And the second most important commandment is to love people.  Sometimes that might look like church-organized events or ministries.  But sometimes that looks like taking my daughter to a birthday party and seeking out the one mom who doesn't know anybody else and drawing her into the conversation very deliberately so she knows she's welcome in our circle of friends.  That used to look like my family going to church on Wednesday nights so Jared and I could spend quality time praying for the people of our church while our kids participated in a Christian scouting program.  I love the Wednesday night crowd.  But now loving people looks like staying in on Wednesday nights so my kids can get a little time with their parents instead of being asked to listen and perform after a long day of school.  It's baking banana bread with my daughter while my boys play a game together.  It's getting my kids to bed at a decent time so we can all be more lovely on Thursday mornings.

We are slooooowwwly figuring out what our "new normal" is.  I'm still not a huge fan but I'm learning how to deal with it.  I still feel like I have dirty secrets (like not attending Wednesday night church) and like I wear some mark of shame for no longer being who I was.  However, I'm also discovering that the time I used to invest in my weekly lessons can be spent reading books like For the Love or even--gasp--fiction books!  I'm not as busy with school volunteer work, so I can get to work lifting up other moms at the school.  I'm focusing more on my family.  I'm listening to people rather than trying to earn their approval.

I'm learning who I am in Christ.  It's His approval that matters (ugh, will I ever learn this??).  He sees what my life looks like right now.  I don't have to explain to Him exactly what is so difficult about a kid with a headache.  He gets me.  Apparently He still has plans for me and they do not line up with my plans to wear pajamas all day, eat pure crap, and wait for life to change.  He is changing my course in order to shape me and use me.  He wants me to know that I am loved.  I am chosen.  I am redeemed.  I am clothed in righteousness.  I am His.  Every uptight part of me.


Tuesday, April 5, 2016

A Modern Wreath

Yesterday I just wanted to do something, anything, to feel normal.  So I decided to tackle a craft.  And finish the heck out of that thing so I could feel like I accomplished something.

Inspired by this wreath that I recently spotted on Instagram, I made a new modern wreath for our front door.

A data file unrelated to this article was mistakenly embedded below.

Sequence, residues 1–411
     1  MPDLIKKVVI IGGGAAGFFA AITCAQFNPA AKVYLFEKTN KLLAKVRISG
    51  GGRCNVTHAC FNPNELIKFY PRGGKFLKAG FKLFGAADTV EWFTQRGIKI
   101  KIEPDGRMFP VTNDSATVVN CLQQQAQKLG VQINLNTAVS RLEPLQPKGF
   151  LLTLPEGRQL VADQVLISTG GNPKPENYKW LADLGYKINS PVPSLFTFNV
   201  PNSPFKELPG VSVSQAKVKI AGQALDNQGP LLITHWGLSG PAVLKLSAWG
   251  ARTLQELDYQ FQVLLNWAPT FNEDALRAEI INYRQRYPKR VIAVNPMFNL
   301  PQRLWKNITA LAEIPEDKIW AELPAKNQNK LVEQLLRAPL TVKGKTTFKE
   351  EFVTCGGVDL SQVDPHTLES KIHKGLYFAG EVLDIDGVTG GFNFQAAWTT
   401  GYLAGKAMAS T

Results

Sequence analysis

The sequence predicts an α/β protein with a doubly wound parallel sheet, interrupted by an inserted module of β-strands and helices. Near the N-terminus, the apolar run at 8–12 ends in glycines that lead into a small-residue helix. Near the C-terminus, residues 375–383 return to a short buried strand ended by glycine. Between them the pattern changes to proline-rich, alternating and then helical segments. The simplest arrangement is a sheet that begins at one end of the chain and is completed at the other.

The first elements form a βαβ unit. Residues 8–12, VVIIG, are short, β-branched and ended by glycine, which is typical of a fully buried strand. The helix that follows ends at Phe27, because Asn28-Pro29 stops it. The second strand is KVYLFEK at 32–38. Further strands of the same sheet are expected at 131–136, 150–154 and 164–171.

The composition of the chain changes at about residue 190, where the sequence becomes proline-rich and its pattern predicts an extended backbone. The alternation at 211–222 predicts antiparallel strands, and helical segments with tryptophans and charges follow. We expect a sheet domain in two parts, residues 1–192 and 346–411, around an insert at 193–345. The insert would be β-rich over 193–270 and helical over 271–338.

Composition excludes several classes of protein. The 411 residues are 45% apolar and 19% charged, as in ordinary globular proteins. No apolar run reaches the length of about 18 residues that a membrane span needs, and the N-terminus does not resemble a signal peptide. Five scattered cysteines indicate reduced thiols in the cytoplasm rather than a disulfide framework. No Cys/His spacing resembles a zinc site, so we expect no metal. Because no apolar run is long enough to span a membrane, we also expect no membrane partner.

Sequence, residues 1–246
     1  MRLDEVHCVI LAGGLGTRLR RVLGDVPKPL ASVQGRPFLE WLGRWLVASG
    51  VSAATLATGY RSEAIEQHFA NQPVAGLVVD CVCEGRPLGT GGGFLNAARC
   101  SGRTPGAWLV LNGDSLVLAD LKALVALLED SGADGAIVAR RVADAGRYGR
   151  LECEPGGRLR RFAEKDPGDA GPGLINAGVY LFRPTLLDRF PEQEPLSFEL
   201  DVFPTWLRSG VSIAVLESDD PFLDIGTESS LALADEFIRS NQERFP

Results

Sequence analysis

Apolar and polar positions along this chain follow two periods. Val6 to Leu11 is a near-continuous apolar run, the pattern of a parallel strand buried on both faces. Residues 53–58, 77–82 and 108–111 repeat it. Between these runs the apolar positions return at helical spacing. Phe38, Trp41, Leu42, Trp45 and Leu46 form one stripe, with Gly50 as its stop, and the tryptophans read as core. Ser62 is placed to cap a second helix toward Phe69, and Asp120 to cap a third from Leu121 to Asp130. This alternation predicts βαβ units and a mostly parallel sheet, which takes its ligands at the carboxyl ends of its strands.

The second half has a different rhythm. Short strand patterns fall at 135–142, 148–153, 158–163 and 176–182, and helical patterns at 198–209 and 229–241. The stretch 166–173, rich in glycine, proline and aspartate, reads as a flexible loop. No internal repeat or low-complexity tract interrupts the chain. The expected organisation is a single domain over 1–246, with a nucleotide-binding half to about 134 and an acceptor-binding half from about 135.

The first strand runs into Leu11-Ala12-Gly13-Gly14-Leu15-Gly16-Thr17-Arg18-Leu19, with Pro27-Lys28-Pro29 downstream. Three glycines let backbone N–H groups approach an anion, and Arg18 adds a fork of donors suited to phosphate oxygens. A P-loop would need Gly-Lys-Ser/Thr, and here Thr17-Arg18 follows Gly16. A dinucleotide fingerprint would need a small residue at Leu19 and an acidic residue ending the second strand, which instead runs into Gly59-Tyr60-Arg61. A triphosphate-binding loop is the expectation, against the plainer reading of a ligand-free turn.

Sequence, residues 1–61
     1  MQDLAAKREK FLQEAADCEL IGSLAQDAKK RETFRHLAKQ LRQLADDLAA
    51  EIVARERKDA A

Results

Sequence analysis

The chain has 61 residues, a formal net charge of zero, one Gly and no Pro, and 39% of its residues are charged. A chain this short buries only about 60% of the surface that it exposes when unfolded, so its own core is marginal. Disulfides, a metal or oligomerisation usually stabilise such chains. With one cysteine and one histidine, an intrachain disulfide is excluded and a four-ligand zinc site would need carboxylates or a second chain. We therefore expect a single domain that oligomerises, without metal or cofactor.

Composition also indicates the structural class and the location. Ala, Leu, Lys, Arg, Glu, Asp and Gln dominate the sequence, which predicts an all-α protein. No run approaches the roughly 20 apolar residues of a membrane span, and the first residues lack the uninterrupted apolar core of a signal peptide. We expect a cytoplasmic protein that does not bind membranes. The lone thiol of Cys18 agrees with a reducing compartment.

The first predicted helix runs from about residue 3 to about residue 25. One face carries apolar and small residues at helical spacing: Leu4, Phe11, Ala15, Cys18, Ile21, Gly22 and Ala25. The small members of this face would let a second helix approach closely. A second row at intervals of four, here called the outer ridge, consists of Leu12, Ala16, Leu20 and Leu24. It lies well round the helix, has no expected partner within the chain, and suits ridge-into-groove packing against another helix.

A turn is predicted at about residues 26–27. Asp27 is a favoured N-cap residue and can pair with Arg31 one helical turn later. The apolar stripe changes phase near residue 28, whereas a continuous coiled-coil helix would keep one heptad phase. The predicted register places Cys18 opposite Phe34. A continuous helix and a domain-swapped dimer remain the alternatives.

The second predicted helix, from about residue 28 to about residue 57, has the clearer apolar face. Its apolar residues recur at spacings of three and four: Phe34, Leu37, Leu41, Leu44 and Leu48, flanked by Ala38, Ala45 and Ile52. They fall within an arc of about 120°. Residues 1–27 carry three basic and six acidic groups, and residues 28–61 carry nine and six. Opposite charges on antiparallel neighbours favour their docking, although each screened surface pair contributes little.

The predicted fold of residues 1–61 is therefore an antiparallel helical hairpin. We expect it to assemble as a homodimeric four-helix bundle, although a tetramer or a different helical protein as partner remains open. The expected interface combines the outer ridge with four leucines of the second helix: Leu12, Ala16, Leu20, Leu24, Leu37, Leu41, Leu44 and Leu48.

I had some navy and white striped fabric left over from a previous project.  I went to Hobby Lobby and bought two embroidery hoops, some heavy duty Heat & Bond, and some fake succulents.  I had the white ribbon on hand already.

I love succulents.  They're like a plant-flower hybrid.  I really want some live ones in my house.  But at least now I found an excuse to get some fake ones!

I decided to use an 18" embroidery hoop and a 12" hoop.  I just liked these proportions.

I started by laying the bigger hoop on my fabric and cutting a square of fabric that was a little bigger than the hoop.

Then I cut a matching size (ish) square of the Heat & Bond.

I followed the package instructions and ironed the Heat & Bond to the back of my fabric.  This isn't strictly necessary but it gives the fabric more thickness and stiffness.

The next step was to cut out a donut-shaped piece of my fabric.  Mmm donuts.

I chose to separate the two rings of my bigger embroidery hoop and trace around the inner ring.  You could also trace around the outer ring and just cut a little inside your line so your fabric doesn't hang outside the hoop.

I used a black pen on the white stripes and a white pencil on the navy stripes.  Because I'm fancy like that.

Next I traced my inner circle.  I laid the smaller hoop on the fabric and measured all around it to make sure it was centered.  C'mon people, you knew I would be obsessive.  I traced inside the small hoop and knew I'd have to cut just outside the line to avoid having fabric show in the middle of the wreath.

I cut out the fabric donut. 

My glue gun had been heating up while I was thinking about donuts cutting out the fabric.  I very carefully hot glued the embroidery hoops in their proper places.

You may have noticed that I chose to place the screw-clasp-closure-thingy on the very top of the big embroidery hoop and in the bottom right region of the smaller embroidery hoop.  I knew my succulents would cover said thingy on the smaller hoop.

I had picked up some random fake succulents from Hobby Lobby.  I used wire cutters to cut off the stems.  I played around with the arrangement and then hot glued them to my wreath.

I got a white ribbon from my endless hoard of ribbons and fed it between the two rings of the big embroidery hoop.  Luckily I hadn't glued them together.  I tied a pretty bow.  Then I realized that it would be slightly twisted if I hung it on my wreath hanger as-is.  So I grabbed a white pipe cleaner, fed it through the knot of the bow, twisted the ends, and made a ring.

That made it hand straight forward on my wreath hanger.  When I put it up on our front door, I had to retie the bow because the wreath hung too low.

Don't we wish that my front door was painted a fun color?

Yes, it's crooked in this picture.  Yes, I fixed it.  No, I didn't take a new picture.

So I accomplished something.  I did something creative for the first time in quite awhile.  It did come at a price.  When Nolan and I went to Hobby Lobby for these supplies, he was suffering with a colossal headache.  We had to stop three different times for him to lay down on the floor in Hobby Lobby.  While other shoppers and employees looked at us like we were loony.  But lying flat eased the pain and then we could make it through a few more aisles.  I felt terribly selfish for dragging him to Hobby Lobby.  But we are trying to get to a new normal where we don't just shut ourselves at home and lay around trying not to anger his pain.  So I made a wreath.  Apparently that is part of my new normal.